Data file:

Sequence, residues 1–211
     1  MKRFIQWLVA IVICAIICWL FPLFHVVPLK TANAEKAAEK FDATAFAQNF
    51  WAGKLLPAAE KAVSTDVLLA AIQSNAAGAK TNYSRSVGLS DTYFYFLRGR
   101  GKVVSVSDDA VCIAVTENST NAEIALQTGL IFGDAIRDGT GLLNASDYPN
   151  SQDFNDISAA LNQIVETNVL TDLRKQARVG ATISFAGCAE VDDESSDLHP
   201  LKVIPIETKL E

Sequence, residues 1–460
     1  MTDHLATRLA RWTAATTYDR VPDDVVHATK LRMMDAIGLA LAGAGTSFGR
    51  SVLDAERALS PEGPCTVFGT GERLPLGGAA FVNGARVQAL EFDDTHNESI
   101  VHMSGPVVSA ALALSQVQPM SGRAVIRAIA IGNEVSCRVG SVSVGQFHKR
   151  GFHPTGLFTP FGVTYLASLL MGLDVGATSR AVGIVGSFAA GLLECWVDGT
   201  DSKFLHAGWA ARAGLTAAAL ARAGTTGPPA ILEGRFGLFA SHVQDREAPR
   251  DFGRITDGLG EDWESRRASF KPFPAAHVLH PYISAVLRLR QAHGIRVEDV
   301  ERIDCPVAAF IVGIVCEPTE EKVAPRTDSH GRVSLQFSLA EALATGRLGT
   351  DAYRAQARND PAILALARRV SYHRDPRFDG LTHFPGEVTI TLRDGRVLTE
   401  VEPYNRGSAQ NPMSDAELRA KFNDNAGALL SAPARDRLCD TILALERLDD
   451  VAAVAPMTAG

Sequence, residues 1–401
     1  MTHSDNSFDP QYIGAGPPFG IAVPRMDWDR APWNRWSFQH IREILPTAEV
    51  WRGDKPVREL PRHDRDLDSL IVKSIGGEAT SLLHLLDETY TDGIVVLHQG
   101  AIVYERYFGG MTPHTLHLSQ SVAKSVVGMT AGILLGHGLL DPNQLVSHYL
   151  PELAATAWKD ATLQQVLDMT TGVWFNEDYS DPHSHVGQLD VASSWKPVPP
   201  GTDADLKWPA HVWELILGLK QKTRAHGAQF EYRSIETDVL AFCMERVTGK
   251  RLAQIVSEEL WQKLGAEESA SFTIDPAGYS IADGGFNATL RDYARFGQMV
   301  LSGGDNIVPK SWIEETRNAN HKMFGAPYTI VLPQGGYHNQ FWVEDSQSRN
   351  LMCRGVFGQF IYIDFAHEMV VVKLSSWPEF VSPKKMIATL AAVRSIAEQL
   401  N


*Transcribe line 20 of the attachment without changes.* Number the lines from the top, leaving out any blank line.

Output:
    51  WRGDKPVREL PRHDRDLDSL IVKSIGGEAT SLLHLLDETY TDGIVVLHQG